Pico da Ibituruna is one of the best places to practice free flight. Thousands of enthusiasts come here from all over the world, dotting the sky with the colours of hang gliders and paragliders. The site has a free-access flight ramp, but does not offer instructors or equipment. So, if you are going to Pico with the intention of flying, you need to go with your own equipment, with an instructor or look for companies that offer this service in Governador Valadares.
Apart from the climb up to the summit, which is a couple hours’ hike along a marked trail, you can also get your hiking fix at Vale Silvestre. This is an ecological park found on the return from Pico that offers trails for all-levels. There’s even activities such as kayaking available there if you want to keep your heart rate up and try something a little bit different!
3) Climbing and Abseiling:
Pico also offers some of the best climbing and abseiling in Brazil. The best known trails are Via do Ralf and Via do Catão, both about 400 meters high. To get down, the most popular trails are Rapel da Santa and Rapel do Mirante.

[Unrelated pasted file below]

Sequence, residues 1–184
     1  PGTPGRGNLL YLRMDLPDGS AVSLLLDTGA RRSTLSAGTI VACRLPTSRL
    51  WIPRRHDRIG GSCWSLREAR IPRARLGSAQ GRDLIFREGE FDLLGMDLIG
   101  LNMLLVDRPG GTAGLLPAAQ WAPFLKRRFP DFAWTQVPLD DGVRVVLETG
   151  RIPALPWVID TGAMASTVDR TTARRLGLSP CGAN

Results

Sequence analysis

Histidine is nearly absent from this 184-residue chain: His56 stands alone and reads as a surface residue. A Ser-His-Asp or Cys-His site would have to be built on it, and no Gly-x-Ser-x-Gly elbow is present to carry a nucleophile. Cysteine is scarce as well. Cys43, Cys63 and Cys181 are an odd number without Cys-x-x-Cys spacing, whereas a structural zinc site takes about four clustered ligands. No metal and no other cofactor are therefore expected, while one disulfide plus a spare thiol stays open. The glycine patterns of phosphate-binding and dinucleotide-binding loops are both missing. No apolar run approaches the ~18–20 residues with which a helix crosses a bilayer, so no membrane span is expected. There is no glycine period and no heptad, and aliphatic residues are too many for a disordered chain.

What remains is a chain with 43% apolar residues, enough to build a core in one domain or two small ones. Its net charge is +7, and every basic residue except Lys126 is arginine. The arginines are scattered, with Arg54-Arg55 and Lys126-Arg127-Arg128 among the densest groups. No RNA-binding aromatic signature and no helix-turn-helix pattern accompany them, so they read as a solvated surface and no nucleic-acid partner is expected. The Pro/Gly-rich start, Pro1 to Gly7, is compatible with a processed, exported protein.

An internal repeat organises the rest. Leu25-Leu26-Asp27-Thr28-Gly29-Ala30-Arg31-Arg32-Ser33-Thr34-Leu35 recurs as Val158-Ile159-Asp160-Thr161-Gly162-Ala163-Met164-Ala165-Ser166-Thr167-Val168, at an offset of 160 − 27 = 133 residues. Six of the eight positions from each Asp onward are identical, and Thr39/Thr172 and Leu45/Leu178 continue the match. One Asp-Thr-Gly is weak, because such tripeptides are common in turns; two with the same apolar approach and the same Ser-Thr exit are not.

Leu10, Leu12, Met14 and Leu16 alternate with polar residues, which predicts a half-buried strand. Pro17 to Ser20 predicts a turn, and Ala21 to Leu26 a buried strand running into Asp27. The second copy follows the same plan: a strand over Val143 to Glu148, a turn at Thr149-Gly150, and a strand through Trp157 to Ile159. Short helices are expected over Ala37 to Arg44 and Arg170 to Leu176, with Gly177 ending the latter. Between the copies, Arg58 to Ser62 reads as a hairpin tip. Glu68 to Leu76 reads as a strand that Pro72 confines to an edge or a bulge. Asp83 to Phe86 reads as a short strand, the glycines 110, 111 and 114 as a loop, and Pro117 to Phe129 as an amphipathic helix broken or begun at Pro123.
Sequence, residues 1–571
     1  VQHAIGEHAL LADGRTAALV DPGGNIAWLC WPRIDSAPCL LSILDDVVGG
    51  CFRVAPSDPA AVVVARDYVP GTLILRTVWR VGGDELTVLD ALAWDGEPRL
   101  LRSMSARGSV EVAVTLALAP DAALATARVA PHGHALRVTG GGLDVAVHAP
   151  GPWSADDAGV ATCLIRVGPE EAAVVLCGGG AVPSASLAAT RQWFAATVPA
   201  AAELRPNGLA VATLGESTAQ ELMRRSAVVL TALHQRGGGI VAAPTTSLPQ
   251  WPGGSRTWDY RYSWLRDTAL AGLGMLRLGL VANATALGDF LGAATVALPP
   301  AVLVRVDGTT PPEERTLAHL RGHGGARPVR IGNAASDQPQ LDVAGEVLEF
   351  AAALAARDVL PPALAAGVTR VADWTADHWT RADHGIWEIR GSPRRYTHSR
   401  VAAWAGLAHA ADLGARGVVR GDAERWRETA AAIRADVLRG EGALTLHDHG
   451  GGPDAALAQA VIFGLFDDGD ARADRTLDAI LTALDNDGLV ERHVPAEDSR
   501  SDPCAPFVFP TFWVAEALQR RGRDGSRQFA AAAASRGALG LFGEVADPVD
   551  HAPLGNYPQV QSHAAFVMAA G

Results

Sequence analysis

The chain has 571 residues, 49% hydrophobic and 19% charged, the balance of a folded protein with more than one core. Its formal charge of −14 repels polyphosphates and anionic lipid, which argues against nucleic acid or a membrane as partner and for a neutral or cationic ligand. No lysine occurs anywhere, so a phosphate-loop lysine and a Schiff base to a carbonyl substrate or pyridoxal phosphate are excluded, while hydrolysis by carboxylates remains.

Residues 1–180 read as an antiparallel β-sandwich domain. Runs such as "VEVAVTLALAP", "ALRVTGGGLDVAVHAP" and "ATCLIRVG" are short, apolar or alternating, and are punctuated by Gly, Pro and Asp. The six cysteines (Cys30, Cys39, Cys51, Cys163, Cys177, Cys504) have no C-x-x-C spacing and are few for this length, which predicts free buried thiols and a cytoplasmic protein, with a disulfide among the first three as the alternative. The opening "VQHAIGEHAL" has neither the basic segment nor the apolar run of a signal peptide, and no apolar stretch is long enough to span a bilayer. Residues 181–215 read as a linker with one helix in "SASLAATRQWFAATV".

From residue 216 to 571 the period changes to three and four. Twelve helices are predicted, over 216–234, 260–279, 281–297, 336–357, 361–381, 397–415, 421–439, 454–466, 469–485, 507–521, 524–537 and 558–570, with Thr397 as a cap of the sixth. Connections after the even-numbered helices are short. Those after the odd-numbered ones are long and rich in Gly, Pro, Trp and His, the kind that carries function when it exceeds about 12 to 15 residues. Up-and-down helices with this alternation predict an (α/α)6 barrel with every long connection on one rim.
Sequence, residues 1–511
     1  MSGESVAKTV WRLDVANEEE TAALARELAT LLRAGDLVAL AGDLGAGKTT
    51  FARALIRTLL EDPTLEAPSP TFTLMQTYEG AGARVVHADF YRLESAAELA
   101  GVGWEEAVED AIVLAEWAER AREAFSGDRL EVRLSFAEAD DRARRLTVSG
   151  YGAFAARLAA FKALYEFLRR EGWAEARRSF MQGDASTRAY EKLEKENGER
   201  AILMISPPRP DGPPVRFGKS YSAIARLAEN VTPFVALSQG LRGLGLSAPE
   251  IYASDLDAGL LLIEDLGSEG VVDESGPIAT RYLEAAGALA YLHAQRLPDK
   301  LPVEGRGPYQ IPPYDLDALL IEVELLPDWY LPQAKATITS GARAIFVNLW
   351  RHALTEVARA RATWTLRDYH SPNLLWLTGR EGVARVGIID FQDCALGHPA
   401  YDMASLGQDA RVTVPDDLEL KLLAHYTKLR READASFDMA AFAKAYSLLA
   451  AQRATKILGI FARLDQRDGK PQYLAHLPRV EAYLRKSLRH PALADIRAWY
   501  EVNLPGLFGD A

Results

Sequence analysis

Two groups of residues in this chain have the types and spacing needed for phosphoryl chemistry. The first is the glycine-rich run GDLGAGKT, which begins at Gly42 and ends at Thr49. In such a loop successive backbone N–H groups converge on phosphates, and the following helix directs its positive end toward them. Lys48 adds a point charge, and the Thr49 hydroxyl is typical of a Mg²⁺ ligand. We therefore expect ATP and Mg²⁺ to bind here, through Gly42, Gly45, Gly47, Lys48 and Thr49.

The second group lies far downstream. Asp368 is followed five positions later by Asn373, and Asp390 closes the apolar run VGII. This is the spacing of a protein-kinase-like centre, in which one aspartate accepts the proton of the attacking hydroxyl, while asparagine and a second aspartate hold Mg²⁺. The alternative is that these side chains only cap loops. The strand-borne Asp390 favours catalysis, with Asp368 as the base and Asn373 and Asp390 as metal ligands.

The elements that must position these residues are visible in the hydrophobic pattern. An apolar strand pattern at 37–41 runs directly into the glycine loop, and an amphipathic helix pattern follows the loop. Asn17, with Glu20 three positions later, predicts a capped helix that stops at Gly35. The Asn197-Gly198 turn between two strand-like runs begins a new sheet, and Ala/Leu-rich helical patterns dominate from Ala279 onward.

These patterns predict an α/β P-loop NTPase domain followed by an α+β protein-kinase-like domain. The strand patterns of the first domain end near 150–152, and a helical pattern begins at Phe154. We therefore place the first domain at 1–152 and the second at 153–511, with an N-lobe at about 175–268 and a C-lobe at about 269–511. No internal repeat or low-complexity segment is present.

Looking for another way down the mountain? Try ziplining. This options offers quite the adrenaline rush and one one of the most incredible ways to enjoy the landscape, second only to free flight.
5) Mountain Biking:
You can also boost your adrenaline (and your quad muscles) on the numerous mountain bike trails. The mountain descent from Pico da Ibituruna is one of the most challenging in Brazil, so remember to be very careful!
With the colder weather and snow starting to fall, our reaction is often to get on Google and begin the search for warmer winter getaways. While some of us are inclined to kick back on a beach for a couple of weeks and sip margaritas, others are a little more restless and like to take on an adventure trip where they can travel different terrain day-to-day and push boundaries mentally and physically.
Not sure what you’re feeling? We’ve compiled our top 5 list of adventurous destinations based on your preferences for you to dream about while sitting in icy snowstorm traffic.